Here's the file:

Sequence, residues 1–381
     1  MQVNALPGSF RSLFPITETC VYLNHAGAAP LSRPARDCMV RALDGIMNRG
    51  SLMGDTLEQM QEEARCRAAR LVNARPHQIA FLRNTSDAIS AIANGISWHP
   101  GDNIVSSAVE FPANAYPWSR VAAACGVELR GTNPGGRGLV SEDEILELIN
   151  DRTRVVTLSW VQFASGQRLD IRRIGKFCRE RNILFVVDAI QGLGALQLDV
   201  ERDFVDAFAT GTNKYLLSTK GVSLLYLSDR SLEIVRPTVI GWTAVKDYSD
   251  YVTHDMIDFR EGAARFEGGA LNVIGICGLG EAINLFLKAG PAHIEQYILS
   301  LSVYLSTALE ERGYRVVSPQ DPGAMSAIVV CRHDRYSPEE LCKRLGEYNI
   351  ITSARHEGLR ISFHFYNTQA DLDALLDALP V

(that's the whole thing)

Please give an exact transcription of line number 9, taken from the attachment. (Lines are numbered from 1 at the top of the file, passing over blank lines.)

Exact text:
   351  ITSARHEGLR ISFHFYNTQA DLDALLDALP V